Case Study Third Space

The concept of a ‘Third Space’ – a non-traditional space that offers an alternative to working at home or in an office – is currently challenging the way we think about workplace.



What’s the future of workplace?

The concept of a ‘Third Space’ – a non-traditional space that offers an alternative to working at home or in an office – is currently challenging the way we think about workplace.

The perfect blend of agile and activity-based collaboration for a multitude of tasks, it’s an idea gaining traction in today’s workplaces, as an influx of younger workers demand more flexible environments that facilitate how they like to work.

In an age of business disruption, Third Space floorplates are uniquely able to pivot if organisations need to quickly expand and contract to meet market demands. They deliver functional places to schedule impromptu meetings, collaborate and relax with colleagues, and undertake independent focus work in an unconventional setting.

They’re also providing new opportunities to attract and retain great talent and, when integrated into an organisation’s culture, can increase productivity, engagement, wellbeing and workplace satisfaction.

What do Third Spaces look like?

Third Spaces come in many shapes and forms, depending on user needs. At Haworth, we’re aligning the concept into our organic spaces methodology to help future-proof our clients’ workplaces.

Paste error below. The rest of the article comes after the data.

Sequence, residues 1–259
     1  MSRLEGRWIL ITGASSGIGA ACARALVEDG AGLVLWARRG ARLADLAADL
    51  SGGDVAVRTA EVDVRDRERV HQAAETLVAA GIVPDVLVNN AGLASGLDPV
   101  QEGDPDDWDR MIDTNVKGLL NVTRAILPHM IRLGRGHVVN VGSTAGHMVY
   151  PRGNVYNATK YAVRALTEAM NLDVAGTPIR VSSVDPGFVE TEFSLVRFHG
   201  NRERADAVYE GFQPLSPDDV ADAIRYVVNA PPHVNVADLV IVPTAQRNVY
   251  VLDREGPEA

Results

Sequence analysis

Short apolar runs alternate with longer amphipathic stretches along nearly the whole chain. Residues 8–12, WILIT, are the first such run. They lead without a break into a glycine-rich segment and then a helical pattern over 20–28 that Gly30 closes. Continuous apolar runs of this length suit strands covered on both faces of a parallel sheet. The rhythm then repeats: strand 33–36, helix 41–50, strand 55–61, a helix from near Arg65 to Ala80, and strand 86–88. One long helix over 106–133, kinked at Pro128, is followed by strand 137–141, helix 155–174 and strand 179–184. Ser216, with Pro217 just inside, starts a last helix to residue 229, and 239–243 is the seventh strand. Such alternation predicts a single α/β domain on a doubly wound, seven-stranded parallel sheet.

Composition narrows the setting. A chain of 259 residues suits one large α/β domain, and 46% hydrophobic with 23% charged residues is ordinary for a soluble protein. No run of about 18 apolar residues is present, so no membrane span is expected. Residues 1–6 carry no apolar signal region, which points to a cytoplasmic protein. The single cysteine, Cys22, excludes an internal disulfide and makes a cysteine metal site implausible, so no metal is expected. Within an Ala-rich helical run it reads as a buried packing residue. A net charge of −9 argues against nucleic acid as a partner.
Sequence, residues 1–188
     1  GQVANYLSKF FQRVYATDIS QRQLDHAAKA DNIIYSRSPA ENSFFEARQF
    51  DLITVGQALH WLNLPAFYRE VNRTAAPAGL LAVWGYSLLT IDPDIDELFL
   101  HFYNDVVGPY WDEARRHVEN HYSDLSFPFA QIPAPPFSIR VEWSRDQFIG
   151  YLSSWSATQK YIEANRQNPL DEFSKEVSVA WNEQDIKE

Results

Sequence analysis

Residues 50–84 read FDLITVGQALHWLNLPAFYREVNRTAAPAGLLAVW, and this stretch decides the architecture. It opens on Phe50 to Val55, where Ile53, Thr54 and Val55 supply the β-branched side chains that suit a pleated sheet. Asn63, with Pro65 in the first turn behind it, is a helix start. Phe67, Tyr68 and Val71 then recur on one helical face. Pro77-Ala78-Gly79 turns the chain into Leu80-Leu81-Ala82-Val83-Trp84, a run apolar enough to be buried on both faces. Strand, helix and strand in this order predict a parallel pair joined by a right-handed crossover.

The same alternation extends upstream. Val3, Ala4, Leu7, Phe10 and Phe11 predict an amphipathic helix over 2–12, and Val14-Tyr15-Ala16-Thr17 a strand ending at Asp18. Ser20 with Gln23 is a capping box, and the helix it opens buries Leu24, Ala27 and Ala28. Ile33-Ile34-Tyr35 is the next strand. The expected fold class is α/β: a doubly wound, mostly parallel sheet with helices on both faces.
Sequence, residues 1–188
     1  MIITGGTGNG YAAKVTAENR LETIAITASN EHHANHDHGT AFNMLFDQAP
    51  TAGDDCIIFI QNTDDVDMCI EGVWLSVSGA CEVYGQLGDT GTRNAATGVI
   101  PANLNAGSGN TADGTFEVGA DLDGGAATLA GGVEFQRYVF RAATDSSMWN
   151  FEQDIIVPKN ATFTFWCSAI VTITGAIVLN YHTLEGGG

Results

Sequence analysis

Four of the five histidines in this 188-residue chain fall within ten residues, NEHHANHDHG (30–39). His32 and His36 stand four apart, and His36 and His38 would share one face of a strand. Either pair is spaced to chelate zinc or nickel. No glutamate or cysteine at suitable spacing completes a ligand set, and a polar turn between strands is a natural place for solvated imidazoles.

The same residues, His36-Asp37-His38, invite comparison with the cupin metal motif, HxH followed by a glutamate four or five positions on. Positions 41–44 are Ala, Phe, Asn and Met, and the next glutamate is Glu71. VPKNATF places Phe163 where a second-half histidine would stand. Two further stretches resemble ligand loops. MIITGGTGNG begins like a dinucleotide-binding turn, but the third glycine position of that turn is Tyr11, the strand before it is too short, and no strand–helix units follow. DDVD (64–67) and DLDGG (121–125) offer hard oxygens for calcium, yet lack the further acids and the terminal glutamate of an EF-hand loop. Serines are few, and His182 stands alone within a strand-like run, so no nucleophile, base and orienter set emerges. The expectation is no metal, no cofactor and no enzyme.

As part of our interactive engagement theme at Neocon this year, we framed effective Third Spaces as the perfect mix of soft and hard elements curated into a holistic brand experience.

We believe the soft factors helping to build successful Third Spaces include community engagement, brand alignment, technology, food and beverage, furniture curation and concierge services.

When combined with physical qualities (hard factors) like acoustics, technology, biophilia and a well-developed organisational culture, you have the perfect recipe for creating engaging interactions for all stakeholders.

Haworth-designed Third Spaces.

BoPo – Developed in conjunction with Sydney hospitality company, Bowery Lane, this design utilises and activated leftover empty space at the front of the restaurant.

The concept allows for seasonal furniture changes for visual appeal and an opportunity to hold small workshops, meetings and functions beyond the building’s traditional workspaces.

The Porter – Haworth designed a space activation strategy to breathe life into building suffering high vacancy with an unused, darkened retail precinct in rear of the hotel lobby. Together with Lend Lease, Haworth developed this Third Space as a full-featured business lounge for members and building tenants, delivering a variety of collaborative and focus work areas that function wonderfully an attraction and retention tool for the whole community.

The Porter brings together concierge services, food & beverage and technology into an highly adaptable space for individual members and business workshops. The Porter demonstrates the value of Third Space strategies for building owners wanting to improve tenancy or building ROI and leverage the potential of wider community engagement.

The Aurecon Lounge – This Third Space platform is embedded solely within an organisational structure, designed to provide an appealing and ‘sticky’ destination for Aurecon employees and clients incorporating concierge, food & beverage as well as end-of-trip facilities.

The highly flexible client and employee lounge features only one piece of fixed joinery –
a central coffee machine – allowing space expansion and contraction as required. Analytics sensors measure furniture and space usage, including meeting sizes and collaborative areas. Insights received give Aurecon vital data on how the space functions in an organic way, allowing it to plan, change and adapt to organisational needs.